Prenylamine

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Prenylamine
Prenylamine.svg
Clinical data
Synonyms N-(3,3-diphenylpropyl)amphetamine
Routes of
administration
Oral
ATC code
Legal status
Legal status
  • In general: uncontrolled
Identifiers
CAS Number
PubChem CID
ChemSpider
UNII
ChEMBL
ECHA InfoCard 100.006.246
Chemical and physical data
Formula C24H27N
Molar mass 329.48 g/mol
3D model (JSmol)
 NYesY (what is this?)  (verify)

Prenylamine (Segontin) is a calcium channel blocker of the amphetamine chemical class which was used as a vasodilator in the treatment of angina pectoris; it was introduced in the 1960s by German manufacturer Albert-Roussel pharma gmbh[1][2] which was acquired by Hoechst AG in 1974 and which in turn became part of Sanofi Aventis in 2005.

It was withdrawn from market worldwide in 1988 because it caused QT prolongation and Torsades de pointes which in turn caused sudden death.[1][3]

The cardiac side effects were not detected during clinical development, but only emerged after the drug was widely used.[1]

Prenylamine has two primary molecular target in human, Calmodulin and Myosin light-chain kinase 2 found in skeletal and cardiac muscle.[4] Pharmacologically, it decreases the sympathetic stimulation on cardiac muscle predominantly through partial depletion of catecholamine via competitive inhibition of reuptake by storage granule, which lead to further depletion due to spontaneous leakage as a result of disturbance of equilibrium.[5] This depletion mechanism is similar to reserpine because both agents target the same site on storage granule, however prenylamine shows a high affinity for cardiac tissue while reserpine is more selective toward brain tissue.[6] Prenylamine also slows cardiac metabolism via calcium transport delay by blockade of magnesium-dependent calcium transport ATPase. It also demonstrate a beta blocker-like activity that result in reduction of heart rate however shows opposing effect on tracheal tissue response.[5]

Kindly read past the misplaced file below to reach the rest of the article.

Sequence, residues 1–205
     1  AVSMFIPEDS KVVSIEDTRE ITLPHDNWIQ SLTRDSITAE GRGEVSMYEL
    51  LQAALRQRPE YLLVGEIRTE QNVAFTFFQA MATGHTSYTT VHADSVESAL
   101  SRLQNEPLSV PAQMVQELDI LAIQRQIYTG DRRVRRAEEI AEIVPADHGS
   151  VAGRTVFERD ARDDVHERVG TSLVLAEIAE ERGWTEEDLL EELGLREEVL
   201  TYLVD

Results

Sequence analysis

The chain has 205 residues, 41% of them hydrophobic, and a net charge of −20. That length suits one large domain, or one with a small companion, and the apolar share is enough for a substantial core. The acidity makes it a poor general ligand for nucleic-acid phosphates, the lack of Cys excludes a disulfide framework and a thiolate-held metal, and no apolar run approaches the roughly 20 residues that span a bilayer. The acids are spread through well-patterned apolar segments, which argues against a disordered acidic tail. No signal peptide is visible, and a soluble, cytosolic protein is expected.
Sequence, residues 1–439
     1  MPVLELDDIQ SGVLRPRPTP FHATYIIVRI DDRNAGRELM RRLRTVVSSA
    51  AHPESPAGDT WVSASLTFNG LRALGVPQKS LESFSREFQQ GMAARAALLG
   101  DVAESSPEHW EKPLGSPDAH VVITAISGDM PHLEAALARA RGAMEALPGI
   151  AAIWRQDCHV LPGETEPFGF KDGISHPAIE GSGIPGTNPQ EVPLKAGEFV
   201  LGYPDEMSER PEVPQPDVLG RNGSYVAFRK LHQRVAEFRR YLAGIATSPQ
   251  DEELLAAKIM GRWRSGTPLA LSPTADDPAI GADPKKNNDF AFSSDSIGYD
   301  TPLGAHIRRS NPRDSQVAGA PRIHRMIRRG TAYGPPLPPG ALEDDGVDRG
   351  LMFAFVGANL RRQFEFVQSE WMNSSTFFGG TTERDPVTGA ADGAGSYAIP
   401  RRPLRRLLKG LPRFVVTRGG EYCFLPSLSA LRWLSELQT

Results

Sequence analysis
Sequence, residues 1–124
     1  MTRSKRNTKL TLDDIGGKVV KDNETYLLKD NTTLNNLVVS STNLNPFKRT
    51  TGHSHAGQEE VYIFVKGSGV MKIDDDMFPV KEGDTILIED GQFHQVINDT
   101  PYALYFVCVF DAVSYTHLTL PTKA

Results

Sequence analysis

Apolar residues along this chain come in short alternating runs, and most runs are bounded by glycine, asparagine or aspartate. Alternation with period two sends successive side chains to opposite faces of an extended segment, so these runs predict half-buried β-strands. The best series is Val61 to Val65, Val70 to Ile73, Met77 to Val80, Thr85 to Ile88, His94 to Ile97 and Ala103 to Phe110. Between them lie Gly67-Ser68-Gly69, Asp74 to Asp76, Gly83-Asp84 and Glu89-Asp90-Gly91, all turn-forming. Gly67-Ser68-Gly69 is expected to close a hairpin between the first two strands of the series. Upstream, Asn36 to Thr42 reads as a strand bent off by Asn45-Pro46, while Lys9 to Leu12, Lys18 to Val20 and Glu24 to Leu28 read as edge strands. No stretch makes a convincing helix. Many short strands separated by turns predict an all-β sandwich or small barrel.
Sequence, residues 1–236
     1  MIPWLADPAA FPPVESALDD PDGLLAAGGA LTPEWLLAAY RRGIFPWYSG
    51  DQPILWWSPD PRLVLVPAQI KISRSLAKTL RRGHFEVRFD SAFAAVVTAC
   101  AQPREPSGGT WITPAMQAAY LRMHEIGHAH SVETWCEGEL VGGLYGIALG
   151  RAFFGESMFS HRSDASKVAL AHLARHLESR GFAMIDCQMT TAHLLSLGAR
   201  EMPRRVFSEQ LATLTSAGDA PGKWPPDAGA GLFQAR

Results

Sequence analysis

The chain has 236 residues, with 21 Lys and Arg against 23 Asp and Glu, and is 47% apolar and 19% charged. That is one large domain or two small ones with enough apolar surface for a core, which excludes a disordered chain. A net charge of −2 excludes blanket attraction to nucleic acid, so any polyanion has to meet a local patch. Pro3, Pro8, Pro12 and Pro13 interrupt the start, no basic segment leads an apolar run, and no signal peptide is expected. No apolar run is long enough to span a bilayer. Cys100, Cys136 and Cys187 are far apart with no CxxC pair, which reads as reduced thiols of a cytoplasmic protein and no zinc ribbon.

References[edit]

  1. ^ a b c Shah, Rashmi R. (2007). "Withdrawal of Terodiline: A Tale of Two Toxicities". In Mann, Ronald D.; Andrews, Elizabeth B. Pharmacovigilance (2nd ed.). Chichester, England: John Wiley & Sons. p. 116. ISBN 9780470059227. 
  2. ^ Godfraind, Theophile; Herman, Arnold G.; Wellens, Donald (2012). Calcium Entry Blockers in Cardiovascular and Cerebral Dysfunctions. Springer Science & Business Media. p. 40. ISBN 9400960336 – via google books. 
  3. ^ Fung, Man; Thornton, Anna; Mybeck, Kathy; Wu, Jasmanda Hsiao-hui; Hornbuckle, Ken; Muniz, Edmundo (2001-01-01). "Evaluation of the Characteristics of Safety Withdrawal of Prescription Drugs from Worldwide Pharmaceutical Markets-1960 to 1999*". Drug Information Journal. 35 (1): 293–317. ISSN 2168-4790. doi:10.1177/009286150103500134. 
  4. ^ DrugBank, ed. (2016-08-17). "Prenylamine". DrugBank. 
  5. ^ a b Murphy, J. Eric (1973-03-01). "Drug Profile: Synadrin". Journal of International Medical Research. 1 (3): 204–209. ISSN 0300-0605. doi:10.1177/030006057300100312. 
  6. ^ Obianwu, Hopé O. (1965-04-01). "The Effect of Prenylamine (Segontin) on the Amine Levels of Brain, Heart and Adrenal Medulla in Rats". Acta Pharmacologica et Toxicologica. 23 (4): 383–390. ISSN 1600-0773. doi:10.1111/j.1600-0773.1965.tb00362.x.